Stakeholders in capitated model demonstration states consistently highlight the importance of the CMT in addressing ongoing issues related to the integration of Medicare and Medicaid policies and processes. In particular, states report it is difficult to keep up with Medicare Advantage policies, procedures, and processes that may impact their integrated programs, ranging from member materials and marketing to network adequacy, enrollment, and benefits. Meeting regularly with CMS via the CMT provides an opportunity for states to learn about upcoming changes and ask questions about new and existing policies that may impact integration.

Minnesota’s Demonstration Management Team (DMT)

The Minnesota Administrative Alignment Demonstration is based on the state’s well-established Minnesota Senior Health Options (MSHO) program, which launched in 1997. The current demonstration began in 2013 and is not formally part of the FAI demonstration but rather a vehicle to develop and codify administrative processes that promote Medicare Advantage and MLTSS administrative consistency. A key feature is the Demonstration Management Team (DMT), which draws on aspects of the CMT model and offers an approach that CMS and states could utilize with FIDE-SNPs, HIDE-SNPs, and D-SNP-MLTSS aligned enrollment models.

While Minnesota has been a forerunner in integrated care for dually eligible beneficiaries, the DMT provides a previously missing element necessary for administrative alignment. In site visit calls, Minnesota and MSHO plans said that prior to the demonstration—and prior to creation of the MMCO, authorized by the Patient Protection and Affordable Care Act—the state relied on the plans for information about Medicare Advantage changes, and state officials were seldom able to talk directly with Medicare. One plan said that in those days the plans were like “children of divorced parents” who needed to explain each parent’s rules to the other parent.

The DMT does not have a three-way contract to manage. MSHO plans are FIDE-SNPs, with CMS overseeing the Medicare Advantage contract and the state Medicaid agency overseeing the Medicaid managed care contract. The DMT meets every other week to address alignment challenges, coordinate oversight by CMS and the state, and share information. Unlike the capitated model CMTs, the DMT does not meet with the plans; rather, CMS and the state each manage their own contracts with the plans.

Initially the DMT focused on specific administrative alignment activities outlined in the demonstration memorandum of understanding, such as developing collaborative processes for reviewing the adequacy of plans’ provider networks and annual updates of integrated member materials. As demonstration activities were completed, the DMT continued to address alignment challenges as they emerged by providing a channel for dialogue and coordination.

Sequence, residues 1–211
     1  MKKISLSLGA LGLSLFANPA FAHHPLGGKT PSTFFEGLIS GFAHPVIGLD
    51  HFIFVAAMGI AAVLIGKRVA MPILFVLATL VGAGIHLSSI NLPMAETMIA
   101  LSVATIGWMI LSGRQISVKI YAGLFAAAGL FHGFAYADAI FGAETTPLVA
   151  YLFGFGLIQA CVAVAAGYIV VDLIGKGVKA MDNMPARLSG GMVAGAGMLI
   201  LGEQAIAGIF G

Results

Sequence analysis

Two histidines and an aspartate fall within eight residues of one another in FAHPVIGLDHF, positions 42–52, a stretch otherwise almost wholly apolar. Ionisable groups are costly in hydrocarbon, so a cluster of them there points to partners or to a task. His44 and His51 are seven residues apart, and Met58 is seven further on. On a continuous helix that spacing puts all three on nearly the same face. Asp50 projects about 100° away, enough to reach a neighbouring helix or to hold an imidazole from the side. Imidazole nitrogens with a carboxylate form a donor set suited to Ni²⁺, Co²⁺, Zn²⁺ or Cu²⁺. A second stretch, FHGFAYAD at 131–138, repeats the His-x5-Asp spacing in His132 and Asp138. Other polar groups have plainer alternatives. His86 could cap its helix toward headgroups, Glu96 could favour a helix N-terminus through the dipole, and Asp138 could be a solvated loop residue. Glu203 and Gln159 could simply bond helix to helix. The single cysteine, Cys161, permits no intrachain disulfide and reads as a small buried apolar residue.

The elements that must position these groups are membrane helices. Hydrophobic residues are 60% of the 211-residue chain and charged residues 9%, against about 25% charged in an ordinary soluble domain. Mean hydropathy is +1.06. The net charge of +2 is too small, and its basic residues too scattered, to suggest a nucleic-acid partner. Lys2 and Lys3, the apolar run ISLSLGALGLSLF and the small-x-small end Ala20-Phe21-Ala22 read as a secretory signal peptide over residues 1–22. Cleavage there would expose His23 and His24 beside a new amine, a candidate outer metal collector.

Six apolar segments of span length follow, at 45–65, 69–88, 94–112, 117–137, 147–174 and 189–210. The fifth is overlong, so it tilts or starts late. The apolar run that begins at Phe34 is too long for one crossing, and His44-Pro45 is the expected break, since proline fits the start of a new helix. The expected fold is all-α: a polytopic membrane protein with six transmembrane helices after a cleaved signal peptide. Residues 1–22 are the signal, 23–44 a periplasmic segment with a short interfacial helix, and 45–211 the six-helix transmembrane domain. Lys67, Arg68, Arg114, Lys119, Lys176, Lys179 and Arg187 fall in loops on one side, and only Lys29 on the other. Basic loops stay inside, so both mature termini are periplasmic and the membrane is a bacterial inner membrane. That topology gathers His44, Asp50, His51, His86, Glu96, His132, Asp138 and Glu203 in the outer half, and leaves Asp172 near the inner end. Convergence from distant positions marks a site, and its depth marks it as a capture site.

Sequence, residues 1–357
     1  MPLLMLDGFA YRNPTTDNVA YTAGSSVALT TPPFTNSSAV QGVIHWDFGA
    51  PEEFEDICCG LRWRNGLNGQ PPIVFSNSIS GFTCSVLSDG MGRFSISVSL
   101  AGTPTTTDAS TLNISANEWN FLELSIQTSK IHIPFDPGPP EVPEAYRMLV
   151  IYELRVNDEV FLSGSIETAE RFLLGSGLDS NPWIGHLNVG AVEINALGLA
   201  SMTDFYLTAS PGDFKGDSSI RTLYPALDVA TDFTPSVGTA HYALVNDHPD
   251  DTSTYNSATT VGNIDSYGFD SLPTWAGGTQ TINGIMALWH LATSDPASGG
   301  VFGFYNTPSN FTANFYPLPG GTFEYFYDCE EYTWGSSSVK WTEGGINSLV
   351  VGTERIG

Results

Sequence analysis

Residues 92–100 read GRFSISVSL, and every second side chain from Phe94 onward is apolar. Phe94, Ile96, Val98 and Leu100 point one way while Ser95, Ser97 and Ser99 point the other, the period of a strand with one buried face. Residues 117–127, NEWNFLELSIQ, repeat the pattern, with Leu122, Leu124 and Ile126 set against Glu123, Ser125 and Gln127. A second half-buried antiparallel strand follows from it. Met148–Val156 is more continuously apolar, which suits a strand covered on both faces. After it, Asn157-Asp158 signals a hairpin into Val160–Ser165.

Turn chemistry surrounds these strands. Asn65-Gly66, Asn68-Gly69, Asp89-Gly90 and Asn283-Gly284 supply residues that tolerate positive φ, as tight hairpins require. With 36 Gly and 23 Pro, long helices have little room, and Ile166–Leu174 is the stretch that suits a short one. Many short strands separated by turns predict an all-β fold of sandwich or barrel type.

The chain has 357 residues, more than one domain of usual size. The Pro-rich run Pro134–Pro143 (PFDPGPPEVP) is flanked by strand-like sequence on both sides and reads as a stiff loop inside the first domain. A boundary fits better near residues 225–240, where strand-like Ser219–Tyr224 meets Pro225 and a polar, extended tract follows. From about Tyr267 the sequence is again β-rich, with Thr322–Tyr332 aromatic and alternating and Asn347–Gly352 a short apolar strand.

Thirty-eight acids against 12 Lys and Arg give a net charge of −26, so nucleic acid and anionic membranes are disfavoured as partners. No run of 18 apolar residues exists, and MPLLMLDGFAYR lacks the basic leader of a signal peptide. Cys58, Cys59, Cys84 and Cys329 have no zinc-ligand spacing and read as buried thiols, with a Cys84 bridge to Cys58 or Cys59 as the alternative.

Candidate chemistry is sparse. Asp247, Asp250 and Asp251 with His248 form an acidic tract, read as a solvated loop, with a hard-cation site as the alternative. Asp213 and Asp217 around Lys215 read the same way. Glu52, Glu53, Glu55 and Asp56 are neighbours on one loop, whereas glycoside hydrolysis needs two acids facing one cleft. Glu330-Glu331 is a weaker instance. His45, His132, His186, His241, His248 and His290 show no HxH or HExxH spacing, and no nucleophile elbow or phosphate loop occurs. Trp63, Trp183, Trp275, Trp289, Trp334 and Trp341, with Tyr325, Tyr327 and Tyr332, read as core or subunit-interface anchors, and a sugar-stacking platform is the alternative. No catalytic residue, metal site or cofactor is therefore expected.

The DMT has played an important role in aligning MSHO enrollment across Medicare and Medicaid. Older adult dually eligible beneficiaries in Minnesota may voluntarily enroll in an integrated D-SNP, and the state functions as the third-party administrator for enrollment, essentially the enrollment broker. In 2019, for example, the DMT helped the state prepare for a change in the Special Enrollment Period for dually eligible beneficiaries, which posed a challenge for MSHO, and explore the option of default enrollment, which Minnesota hopes to implement.

The DMT continues to be the vehicle for coordinating annual updates to integrated member materials, developing and piloting a streamlined process for revisions and review. The DMT helps coordinate state participation in annual Medicare Advantage network adequacy reviews, which have greatly reduced the number of exceptions plans need to submit to Medicare for gaps in some of the sparsely populated rural counties.

From the federal perspective, the DMT has helped CMS identify best practices used by Minnesota, pilot a new process for annual updates of member materials, and test integrated denial notices. The state has said that the DMT may be the most important feature of the Minnesota demonstration, because “alignment is never completed," and ongoing collaboration and problem solving are essential. Alignment challenges continue to arise as Medicare works to maintain consistent policies, procedures, and processes nationwide, while states adapt Medicaid policies to meet their needs.

Lessons Learned For Future Integrated Care Models

As CMS, states and managed care organizations move toward integrated care models that use D-SNPs aligned with Medicaid managed care as their foundation, joint CMS-state teams will be important for coordinating Medicare-Medicaid integration through integrated D-SNPs and helping states better understand Medicare regulations. While states pursuing integration through integrated D-SNPs will not have the same level of joint management as the FAI capitated demonstrations, CMS is well-positioned to apply lessons learned from both the capitated demonstrations and Minnesota's administrative alignment demonstration. Even without a three-way contract to manage, it will be important to create mechanisms for promoting coordination and communication between CMS and state Medicaid agencies. The types of administrative alignment challenges addressed in the FAI demonstration will be present in every state, with both sides—CMS and state agencies—needing to understand each other’s policies and regulations and work together to resolve differences.

In Minnesota, MMCO members expect to continue meeting as a team with the state after the demonstration ends. Other states with D-SNPs can do the same thing, and some of them already have regular meetings, including Arizona, New York, Indiana, and Washington, DC. Given states’ need to better understand Medicare and evolving regulations, a Medicare-Medicaid alignment team addressing integration issues as done in the CMTs and the Minnesota DMT could provide a vehicle for much needed ongoing coordination.

Disclaimer: This piece was written by Amy E. Chepaitis (Public Health Systems Researcher) and Edith G. Walsh (Senior Director) to share perspectives on a topic of interest. Expression of opinions within are those of the author or authors.